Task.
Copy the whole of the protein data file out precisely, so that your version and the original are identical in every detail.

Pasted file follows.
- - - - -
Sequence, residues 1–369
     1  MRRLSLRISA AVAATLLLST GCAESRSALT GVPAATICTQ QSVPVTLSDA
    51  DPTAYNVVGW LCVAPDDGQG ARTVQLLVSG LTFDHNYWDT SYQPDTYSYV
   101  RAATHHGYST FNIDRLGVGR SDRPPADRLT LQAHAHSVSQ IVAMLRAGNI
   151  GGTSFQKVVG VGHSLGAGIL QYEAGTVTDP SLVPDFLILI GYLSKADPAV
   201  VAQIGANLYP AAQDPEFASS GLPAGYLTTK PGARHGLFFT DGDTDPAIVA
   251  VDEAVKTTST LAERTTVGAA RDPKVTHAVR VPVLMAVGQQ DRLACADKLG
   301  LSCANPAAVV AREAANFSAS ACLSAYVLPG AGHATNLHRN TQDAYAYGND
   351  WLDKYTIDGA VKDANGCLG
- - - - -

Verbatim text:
Sequence, residues 1–369
     1  MRRLSLRISA AVAATLLLST GCAESRSALT GVPAATICTQ QSVPVTLSDA
    51  DPTAYNVVGW LCVAPDDGQG ARTVQLLVSG LTFDHNYWDT SYQPDTYSYV
   101  RAATHHGYST FNIDRLGVGR SDRPPADRLT LQAHAHSVSQ IVAMLRAGNI
   151  GGTSFQKVVG VGHSLGAGIL QYEAGTVTDP SLVPDFLILI GYLSKADPAV
   201  VAQIGANLYP AAQDPEFASS GLPAGYLTTK PGARHGLFFT DGDTDPAIVA
   251  VDEAVKTTST LAERTTVGAA RDPKVTHAVR VPVLMAVGQQ DRLACADKLG
   301  LSCANPAAVV AREAANFSAS ACLSAYVLPG AGHATNLHRN TQDAYAYGND
   351  WLDKYTIDGA VKDANGCLG